However, while the U.S. blocked the council from mentioning climate change, U.S. Secretary of State Mike Pompeo did not shy away from putting a positive spin on its impacts: the melting of Arctic sea ice.

"Steady reductions in sea ice are opening new passageways and new opportunities for trade," he said in a speech Monday reported by BBC News. "This could potentially slash the time it takes to travel between Asia and the West by as much as 20 days. Arctic sea lanes could become the 21st-Century Suez and Panama Canals."

Scientists and environmentalists, on the other hand, have warned that a reduction in Arctic sea ice could harm Arctic wildlife like polar bears and marine life, as well as contribute to sea level rise.

Several delegates at the summit did speak of the negative impact climate change was having on their communities.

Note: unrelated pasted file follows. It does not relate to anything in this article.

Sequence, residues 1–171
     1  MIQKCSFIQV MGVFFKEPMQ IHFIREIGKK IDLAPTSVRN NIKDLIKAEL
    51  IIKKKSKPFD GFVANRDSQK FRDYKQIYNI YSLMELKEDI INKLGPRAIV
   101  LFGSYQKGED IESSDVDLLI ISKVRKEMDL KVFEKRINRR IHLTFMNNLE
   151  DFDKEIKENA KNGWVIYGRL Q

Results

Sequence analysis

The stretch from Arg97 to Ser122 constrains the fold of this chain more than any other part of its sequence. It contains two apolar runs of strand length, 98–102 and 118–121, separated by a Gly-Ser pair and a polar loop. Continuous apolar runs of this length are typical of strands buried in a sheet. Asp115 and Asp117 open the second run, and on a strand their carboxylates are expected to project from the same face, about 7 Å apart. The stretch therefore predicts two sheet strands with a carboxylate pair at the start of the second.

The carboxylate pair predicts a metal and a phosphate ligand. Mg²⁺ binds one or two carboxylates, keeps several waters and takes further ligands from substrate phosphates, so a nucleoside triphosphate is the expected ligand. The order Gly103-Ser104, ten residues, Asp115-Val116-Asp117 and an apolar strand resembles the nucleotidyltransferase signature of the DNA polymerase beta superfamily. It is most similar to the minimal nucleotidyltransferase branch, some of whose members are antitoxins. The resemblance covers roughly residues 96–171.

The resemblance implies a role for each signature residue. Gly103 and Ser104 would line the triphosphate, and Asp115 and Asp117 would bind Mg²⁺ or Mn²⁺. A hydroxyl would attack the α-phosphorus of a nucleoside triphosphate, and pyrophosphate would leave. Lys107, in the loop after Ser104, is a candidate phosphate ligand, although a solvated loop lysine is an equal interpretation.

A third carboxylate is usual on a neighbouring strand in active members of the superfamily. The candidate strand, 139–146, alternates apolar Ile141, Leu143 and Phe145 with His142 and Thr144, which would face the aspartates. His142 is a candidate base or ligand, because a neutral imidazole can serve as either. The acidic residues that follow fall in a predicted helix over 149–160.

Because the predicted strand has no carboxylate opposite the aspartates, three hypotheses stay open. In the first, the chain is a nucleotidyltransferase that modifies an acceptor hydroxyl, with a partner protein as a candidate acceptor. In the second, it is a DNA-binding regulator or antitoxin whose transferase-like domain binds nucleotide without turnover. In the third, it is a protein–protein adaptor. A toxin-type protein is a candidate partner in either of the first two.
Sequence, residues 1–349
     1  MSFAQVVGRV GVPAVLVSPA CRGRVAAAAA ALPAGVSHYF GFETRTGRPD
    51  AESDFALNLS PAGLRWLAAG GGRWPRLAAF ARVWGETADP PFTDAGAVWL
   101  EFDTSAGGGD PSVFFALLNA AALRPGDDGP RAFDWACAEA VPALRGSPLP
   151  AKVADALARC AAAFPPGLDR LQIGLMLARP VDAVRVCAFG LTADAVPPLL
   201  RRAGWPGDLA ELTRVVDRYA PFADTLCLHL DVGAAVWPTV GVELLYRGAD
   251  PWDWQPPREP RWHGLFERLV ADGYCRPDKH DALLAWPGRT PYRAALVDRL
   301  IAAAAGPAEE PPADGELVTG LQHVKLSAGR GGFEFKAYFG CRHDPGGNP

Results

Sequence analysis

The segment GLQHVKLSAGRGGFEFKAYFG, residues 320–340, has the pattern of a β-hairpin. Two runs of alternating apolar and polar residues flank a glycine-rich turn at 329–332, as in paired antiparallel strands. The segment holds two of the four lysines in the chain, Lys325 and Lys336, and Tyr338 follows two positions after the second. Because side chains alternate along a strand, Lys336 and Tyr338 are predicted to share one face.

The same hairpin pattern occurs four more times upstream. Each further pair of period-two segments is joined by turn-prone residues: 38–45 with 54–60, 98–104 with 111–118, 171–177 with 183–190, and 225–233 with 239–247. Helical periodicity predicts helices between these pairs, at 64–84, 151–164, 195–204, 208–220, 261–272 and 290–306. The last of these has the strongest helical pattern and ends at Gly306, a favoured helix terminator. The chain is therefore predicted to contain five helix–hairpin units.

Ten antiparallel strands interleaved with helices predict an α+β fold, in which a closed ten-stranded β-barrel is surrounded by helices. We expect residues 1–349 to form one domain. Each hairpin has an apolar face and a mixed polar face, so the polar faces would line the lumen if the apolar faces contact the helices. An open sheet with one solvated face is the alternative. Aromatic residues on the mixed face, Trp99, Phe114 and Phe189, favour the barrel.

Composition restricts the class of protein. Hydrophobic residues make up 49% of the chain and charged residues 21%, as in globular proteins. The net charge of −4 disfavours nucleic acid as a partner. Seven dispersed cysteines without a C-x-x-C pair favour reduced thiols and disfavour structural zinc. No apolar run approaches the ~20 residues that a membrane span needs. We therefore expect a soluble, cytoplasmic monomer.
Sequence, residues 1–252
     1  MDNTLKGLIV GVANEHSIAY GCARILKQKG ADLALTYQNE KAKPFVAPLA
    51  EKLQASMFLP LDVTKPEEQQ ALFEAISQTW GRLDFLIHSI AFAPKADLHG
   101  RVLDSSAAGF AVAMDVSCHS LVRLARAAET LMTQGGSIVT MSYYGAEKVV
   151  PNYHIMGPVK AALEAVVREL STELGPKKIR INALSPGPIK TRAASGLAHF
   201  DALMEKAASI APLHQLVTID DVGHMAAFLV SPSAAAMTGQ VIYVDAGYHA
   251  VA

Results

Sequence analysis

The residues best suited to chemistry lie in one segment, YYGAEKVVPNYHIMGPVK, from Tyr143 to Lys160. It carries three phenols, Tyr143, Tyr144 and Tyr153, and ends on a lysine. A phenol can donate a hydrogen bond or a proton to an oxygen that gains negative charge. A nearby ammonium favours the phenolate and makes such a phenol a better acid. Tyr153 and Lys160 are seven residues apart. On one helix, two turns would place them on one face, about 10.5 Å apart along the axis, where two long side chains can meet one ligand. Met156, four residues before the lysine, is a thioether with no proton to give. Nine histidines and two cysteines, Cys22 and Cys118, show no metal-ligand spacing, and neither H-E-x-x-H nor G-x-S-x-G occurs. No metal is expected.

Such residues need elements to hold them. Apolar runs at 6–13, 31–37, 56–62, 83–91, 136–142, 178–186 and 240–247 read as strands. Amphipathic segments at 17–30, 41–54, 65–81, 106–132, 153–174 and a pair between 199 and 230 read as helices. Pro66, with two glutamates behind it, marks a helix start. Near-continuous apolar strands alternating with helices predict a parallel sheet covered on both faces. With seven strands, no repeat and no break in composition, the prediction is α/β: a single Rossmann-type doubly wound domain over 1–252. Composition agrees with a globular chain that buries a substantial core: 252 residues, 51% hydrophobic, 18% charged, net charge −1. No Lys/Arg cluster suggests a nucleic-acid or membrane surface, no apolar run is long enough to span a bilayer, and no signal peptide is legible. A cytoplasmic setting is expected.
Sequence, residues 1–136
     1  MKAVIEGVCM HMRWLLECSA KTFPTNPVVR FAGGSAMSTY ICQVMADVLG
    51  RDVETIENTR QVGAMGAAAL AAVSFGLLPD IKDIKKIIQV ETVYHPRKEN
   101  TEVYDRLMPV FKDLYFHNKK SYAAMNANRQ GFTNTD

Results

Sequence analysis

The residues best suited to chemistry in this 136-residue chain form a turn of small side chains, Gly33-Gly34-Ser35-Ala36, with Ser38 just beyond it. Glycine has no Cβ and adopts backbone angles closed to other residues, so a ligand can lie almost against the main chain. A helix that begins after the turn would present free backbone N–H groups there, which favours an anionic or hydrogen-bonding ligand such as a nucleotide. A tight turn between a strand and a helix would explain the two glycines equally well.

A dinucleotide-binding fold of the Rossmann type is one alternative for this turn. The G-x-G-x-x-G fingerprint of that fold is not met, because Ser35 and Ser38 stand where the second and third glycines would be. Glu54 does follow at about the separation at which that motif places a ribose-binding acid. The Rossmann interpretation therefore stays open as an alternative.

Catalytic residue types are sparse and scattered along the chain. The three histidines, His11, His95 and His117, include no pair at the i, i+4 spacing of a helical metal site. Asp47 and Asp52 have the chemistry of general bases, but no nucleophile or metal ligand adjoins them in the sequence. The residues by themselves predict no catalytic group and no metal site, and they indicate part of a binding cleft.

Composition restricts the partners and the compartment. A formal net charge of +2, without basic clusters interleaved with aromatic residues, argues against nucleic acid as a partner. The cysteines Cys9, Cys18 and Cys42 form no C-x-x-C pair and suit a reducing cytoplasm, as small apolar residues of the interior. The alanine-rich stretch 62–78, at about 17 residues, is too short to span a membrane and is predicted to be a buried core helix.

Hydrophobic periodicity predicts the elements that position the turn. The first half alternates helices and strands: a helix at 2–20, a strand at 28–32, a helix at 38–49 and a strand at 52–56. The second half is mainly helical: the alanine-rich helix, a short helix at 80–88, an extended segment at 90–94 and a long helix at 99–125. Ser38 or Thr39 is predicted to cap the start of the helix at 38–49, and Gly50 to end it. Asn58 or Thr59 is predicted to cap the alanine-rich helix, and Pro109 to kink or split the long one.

"The effect of climate change is being felt most acutely here," Canadian Foreign Minister Chrystia Freeland said, according to The New York Times.

Representatives of indigenous communities spoke in the most detail of how climate impacts like wildfires, coastal erosion and melting ice and permafrost were altering the lives of people who had lived in the region for generations.

"We recognize that climate change is real," Arctic Athabaskan Council Chairman Bill Erasmus told Time, expressing regret that the council had not arrived at a detailed statement. "Climate change is man-made, and our elders tell us that we are clearly in trouble."

Pompeo mentioned the importance of protecting the Arctic's "fragile ecosystem" in remarks Tuesday, and an anonymous senior U.S. official said that the country could be committed to the environment without using particular words.

"Just because you don't have a certain phrase in it, you can't infer that the United States has taken a position that is anti-environment," the official said, as Time reported.

But a commitment to increased shipping could be at odds with environmental protections. Scientists have warned that more frequent transport in the Arctic could increase pollution, BBC News said.